In West Africa in the war-ravaged economies of Liberia, Ivory Coast and Sierra Leone, one industry that thrives is prostitution. Young girls in these three countries, some as young as 10, become victims of the sex trade and face the dangers of drugs, AIDS and trafficking.
On the streets in Abidjan, prostitutes are known as serpents because of the hissing sound they make to hail down men and soldiers, driving or walking by.
One girl decked out in tight-fitting bell bottom pants and a see-through top stops a sports car, driven by a U.N. employee, and asks for $30 to share the rest of the night. That's the equivalent of a monthly salary for most in Abidjan.
The foreigner refuses and drives off. But U.N. and French peacekeepers as well as Ivorian soldiers who patrol Abidjan can often be seen picking up scantily-clad girls. Prostitutes say soldiers often rape them without paying and refuse to wear condoms, putting them at the risk of AIDS.
At a nearby hotel, now used as a brothel, an Ivorian businessman is having a fight with another prostitute, Christelle. She says she's 16, but looks younger. Most prostitutes lie about their age.
The customer leaves, accusing her of being drunk. Christelle says she's high to avoid being scared.
She also says that's what Ivory Coast is about these days. She says she needs to prostitute herself to buy her daily bread and that maybe it wasn't like that before, but that now there are just too many problems.
There's a man outside who rents plastic chairs for girls to sit while customers walk by, but there are always loud arguments here.
In contrast, in Makeni, a town in central Sierra Leone, the mood is peaceful at this rescue center for street children. Girls are playing board games. But their stories are just as horrific.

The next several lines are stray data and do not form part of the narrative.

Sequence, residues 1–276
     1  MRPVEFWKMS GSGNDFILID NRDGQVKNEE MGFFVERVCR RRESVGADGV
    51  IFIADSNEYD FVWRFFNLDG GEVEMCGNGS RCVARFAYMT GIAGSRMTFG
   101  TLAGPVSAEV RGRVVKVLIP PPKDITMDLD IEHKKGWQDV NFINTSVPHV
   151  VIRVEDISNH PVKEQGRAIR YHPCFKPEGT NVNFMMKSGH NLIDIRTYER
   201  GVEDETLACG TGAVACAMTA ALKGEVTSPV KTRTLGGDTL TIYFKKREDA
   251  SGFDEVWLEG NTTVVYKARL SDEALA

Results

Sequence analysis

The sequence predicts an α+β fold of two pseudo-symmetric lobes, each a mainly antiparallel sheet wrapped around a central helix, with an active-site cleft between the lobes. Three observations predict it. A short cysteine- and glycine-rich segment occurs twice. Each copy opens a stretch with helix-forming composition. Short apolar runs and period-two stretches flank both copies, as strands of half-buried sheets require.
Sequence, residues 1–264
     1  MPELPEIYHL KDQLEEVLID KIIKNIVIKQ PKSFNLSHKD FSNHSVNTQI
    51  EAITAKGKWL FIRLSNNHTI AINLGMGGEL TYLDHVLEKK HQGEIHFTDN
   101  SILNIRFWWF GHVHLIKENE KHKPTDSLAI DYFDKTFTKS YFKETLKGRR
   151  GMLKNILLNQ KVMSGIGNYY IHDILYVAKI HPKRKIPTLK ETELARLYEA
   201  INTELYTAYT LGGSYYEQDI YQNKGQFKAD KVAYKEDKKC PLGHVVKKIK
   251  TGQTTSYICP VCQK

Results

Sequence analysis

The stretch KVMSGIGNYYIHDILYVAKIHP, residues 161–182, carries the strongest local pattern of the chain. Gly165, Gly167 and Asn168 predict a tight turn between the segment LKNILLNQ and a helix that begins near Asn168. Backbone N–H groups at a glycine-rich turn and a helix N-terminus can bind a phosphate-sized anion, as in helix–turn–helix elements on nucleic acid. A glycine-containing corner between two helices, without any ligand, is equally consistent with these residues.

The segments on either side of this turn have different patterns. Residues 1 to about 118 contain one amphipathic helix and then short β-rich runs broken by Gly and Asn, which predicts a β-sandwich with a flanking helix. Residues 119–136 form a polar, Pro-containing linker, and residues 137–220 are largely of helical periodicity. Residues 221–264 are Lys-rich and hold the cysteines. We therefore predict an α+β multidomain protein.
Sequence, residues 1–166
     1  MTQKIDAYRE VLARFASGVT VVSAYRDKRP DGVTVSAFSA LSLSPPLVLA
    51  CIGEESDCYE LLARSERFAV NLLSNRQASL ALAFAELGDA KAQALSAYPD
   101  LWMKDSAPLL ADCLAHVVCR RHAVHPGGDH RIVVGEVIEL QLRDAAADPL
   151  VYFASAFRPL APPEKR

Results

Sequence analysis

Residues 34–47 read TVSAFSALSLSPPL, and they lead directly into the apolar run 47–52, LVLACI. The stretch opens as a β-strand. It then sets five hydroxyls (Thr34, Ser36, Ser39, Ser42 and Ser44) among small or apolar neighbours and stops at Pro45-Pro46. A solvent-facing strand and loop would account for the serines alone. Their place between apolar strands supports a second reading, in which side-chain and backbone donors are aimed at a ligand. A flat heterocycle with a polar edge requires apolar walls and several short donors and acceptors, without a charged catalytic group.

Aid worker Loretta says the prostitutes she saves are sometimes very young.
"The age, 12, 10, there is no fixed age," said Loretta. "They are trying to survive, just survive. Men can easily take them to bed because of money."
One of the center's councilors says sometimes the girls' own parents force them to become sex workers.
"The parents haven't got anything," she said. "They will just go into the streets, whatever they have they will bring it to the parents because of poverty. If you take your time, nighttime you're going to disco and you see them, they go around and even in these military barracks they go there because they want money."
In Monrovia, the capital of Liberia, in this club called the Africa Palace, across the street from a $150 a night hotel, prostitutes like Tracy, who giggles while sipping a coke, give the same reason.
She says the money men give her for sex allows
her to pay her school fees and those of her little sisters. But she also hopes to meet a foreigner this way, who she says, dreamily, will take her out of Liberia.
There are so many prostitutes that the United Nations and Liberian police do nothing to stop them, as acknowledged by one disgruntled U.N. employee.
"Prostitution, it's not that I don't care but if a woman is free to sell her body and if she has a passport and she can go whenever she wants I don't care," she said.
The head of the small United Nations' five-member anti-trafficking team here, Celhia de Lavarene, says she understands why prostitutes do it, because they are so poor.
Her job is to make sure they aren't taken into criminal networks and trafficked across borders. She says being a trafficked prostitute is even worse, because these girls have their papers taken and owe traffickers huge sums of money.
The French U.N. worker started her job by rescuing 30 white Eastern European girls who had been brought to Liberia for foreigners who wanted prostitutes but refused to sleep with African women.
Despite her efforts, she says trafficking in and out of Liberia is still taking place.
"We have noticed trafficking from Liberia to London because I had someone in London calling me and explaining to me that Liberian girls were trafficked," said Celhia de Lavarene. "And we had some Sierra Leonean girls being trafficked from Sierra Leone to Liberia."
Mrs. De Lavarene's job is scheduled to end in July, and after that, she is afraid trafficking will resume at a much higher level.
"I'm not going to tell you that we're successful," she said. "It's just now it's on hold, it did not stop. So my fear is that as soon as I leave the traffickers will know I left."
Mrs. De Lavarene who has done most of her work at night in and around the nightclubs of Monrovia, like here outside the Africa Palace, says it's a question of offer, demand and impunity. She says there are so many men willing to pay for sex and so few people really committed to cracking down on the growing trade, to the detriment of all the girls.